Letter: Break free from ‘quiet desperation’

In the 19th century naturalist and activist Henry D Thoreau said: “The mass of men live lives of quiet desperation”. How true, even today, especially in our own metro where the bulk of our people are frantically trying to survive . . . in quiet desperation!

Between Scylla and Charybdis, the devil and the deep blue sea, the dilemma facing the bulk of our electorate is: whether, on the one hand, to continue a blind allegiance to a corrupt, incestuous regime or, on the other hand, there’s the fear of the unknown when voting for change. Scared to vote for your best interests and not your misguided values, as someone recently said.

The ANC was the proud liberation party that led this country out of the dark apartheid abyss, the party of Nelson Mandela, Oliver Tambo and others who stood for high moral principles and integrity. Now it is a caricature of a once great organisation, infested with politicians and hangers-on who toady to an amoral president with the sole aim of gratifying their personal ambitions.

It is a hollow shadow of its illustrious history, hijacked by President Jacob Zuma and his lackeys. And one can understand the frustration among the people, the “quiet desperation” as Thoreau said a hundred years ago!

If our mayor and his entourage are really serious about our metro, they will put their pride in their pockets and visit Cape Town to see how a metro should be managed. Comparisons are odious, but in this case relevant.

Cape Town, as a metro, is certainly not perfect but on visiting one cannot help but notice the following:

  • The visible traffic officials ensuring an orderly flow of traffic. No speeding, no speaking on cellphones, seatbelts are worn, etc;
  • Absence of potholes and robots that work;
  • Passing through the townships there is no overt litter, and certainly no cattle and domestic animals roaming unchecked on the busy thoroughfares!
  • Clean, safe parks and ablution facilities. One can walk mostly anywhere and, in particular the city centre, without fear;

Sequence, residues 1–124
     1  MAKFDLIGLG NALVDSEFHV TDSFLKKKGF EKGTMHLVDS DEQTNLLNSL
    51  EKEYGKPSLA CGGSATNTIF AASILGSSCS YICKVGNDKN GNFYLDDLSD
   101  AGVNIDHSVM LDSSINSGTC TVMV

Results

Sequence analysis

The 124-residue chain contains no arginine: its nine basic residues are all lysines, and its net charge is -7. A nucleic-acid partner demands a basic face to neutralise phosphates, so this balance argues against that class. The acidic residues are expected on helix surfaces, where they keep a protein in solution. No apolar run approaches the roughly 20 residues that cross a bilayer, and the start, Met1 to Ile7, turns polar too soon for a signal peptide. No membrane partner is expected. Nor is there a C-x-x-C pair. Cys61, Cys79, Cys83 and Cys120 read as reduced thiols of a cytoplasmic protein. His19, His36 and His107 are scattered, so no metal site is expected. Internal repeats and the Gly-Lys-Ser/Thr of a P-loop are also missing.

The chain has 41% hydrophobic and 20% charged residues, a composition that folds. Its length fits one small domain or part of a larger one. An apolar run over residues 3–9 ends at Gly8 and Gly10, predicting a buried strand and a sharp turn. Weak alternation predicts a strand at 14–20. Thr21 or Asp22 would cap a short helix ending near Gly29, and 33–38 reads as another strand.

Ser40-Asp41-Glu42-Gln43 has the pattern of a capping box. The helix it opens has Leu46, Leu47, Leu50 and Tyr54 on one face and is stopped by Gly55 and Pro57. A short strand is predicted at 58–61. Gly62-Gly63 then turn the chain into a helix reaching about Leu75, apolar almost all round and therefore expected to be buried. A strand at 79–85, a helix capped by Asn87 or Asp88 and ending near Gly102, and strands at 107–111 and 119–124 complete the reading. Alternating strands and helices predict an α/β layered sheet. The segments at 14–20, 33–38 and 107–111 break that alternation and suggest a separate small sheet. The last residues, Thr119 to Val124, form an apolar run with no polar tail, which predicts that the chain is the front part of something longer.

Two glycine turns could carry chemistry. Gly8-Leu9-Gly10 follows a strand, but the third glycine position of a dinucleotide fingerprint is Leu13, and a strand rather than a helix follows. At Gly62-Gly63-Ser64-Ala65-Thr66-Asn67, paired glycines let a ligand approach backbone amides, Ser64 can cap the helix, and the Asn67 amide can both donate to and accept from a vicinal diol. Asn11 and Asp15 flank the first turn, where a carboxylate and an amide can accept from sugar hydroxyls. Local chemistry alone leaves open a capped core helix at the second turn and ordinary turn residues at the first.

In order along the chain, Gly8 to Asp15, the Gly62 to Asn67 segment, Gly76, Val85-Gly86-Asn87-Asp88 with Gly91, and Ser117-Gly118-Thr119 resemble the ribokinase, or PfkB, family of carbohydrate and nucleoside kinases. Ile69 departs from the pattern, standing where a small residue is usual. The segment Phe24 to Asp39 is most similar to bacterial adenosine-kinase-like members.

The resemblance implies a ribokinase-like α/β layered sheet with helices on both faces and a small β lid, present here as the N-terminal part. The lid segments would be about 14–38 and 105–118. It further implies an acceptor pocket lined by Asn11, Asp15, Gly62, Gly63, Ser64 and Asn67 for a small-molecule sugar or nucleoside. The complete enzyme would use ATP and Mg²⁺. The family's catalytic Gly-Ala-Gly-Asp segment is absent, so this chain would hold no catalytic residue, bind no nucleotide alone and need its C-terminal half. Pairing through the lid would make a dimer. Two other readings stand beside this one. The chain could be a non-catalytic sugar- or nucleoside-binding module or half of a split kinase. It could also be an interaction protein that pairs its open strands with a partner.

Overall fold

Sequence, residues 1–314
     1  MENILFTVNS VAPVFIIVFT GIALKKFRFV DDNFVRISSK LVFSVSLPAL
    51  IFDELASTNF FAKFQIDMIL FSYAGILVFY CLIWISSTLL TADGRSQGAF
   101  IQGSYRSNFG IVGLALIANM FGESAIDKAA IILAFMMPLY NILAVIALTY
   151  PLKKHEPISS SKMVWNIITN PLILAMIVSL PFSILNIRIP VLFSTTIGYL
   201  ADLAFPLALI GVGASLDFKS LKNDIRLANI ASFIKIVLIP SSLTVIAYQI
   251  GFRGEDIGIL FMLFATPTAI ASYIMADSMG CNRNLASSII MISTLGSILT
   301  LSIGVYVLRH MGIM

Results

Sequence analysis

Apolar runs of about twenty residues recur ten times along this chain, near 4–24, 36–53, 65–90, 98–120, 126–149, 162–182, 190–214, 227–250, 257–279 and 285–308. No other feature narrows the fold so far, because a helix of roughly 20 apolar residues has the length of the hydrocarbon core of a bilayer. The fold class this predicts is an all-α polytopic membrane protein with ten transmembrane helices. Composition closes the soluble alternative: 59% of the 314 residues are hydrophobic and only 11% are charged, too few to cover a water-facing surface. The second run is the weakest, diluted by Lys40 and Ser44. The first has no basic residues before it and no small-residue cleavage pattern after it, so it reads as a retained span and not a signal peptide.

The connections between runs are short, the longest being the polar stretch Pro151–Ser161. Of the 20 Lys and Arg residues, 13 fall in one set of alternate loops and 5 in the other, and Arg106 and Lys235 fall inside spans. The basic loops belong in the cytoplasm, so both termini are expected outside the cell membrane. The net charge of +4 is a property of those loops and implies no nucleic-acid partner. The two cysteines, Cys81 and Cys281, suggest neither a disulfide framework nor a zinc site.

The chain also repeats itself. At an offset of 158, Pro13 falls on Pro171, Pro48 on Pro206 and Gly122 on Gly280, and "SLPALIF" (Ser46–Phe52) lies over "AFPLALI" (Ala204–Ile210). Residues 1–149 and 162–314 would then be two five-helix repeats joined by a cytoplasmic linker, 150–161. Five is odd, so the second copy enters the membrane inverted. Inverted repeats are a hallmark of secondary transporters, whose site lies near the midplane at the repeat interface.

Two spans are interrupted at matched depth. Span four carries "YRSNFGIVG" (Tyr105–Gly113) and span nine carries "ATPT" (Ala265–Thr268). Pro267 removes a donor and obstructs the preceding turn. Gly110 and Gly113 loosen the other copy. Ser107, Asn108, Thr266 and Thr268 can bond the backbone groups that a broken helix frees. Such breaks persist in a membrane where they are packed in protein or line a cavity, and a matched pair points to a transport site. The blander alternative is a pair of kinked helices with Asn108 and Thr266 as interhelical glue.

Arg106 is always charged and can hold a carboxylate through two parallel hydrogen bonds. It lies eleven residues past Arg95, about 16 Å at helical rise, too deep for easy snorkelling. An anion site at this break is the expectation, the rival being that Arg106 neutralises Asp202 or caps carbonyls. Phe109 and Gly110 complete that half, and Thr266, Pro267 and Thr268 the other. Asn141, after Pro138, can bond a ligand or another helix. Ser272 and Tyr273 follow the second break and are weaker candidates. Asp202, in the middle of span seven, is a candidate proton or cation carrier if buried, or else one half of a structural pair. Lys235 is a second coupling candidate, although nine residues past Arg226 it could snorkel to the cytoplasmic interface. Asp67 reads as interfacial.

• The tourist facilities: the Waterfront, Kirstenbosch Gardens, Table Mountain and so on are well managed and tourist orientated. The hop-on and -off bus service is a fine example of a well-managed tourist attraction, with clean and well-managed buses.

Headphones provide some 10 language translations, all under the control of friendly, efficient and articulate guides;

ý The on-going development of highly efficient bus and train services that run on time! ý Functional schools; ý While still high, the unemployment figures in Cape Town are way less on average than any other metro and one is not faced with hordes of men thronging the pavements looking for an odd job to survive.

But the most important observation is the lack of racial tension which can be palpably felt. People have a growing respect for each other and there is an obviously relaxed interaction between folk of all colours and persuasions that collectively are making it happen!

There is an indefinable sense of purpose in the demeanour of Capetonians, auguring well for a city getting to grips with its many issues and its future.

I love Port Elizabeth and its people, and want to live nowhere else than here in the friendly, windy city. Perhaps our people, too, will see how they have been taken for a ride over the past years and, at last, break free from “quiet desperation” and a party that has lost its morals and its soul, and vote for change!

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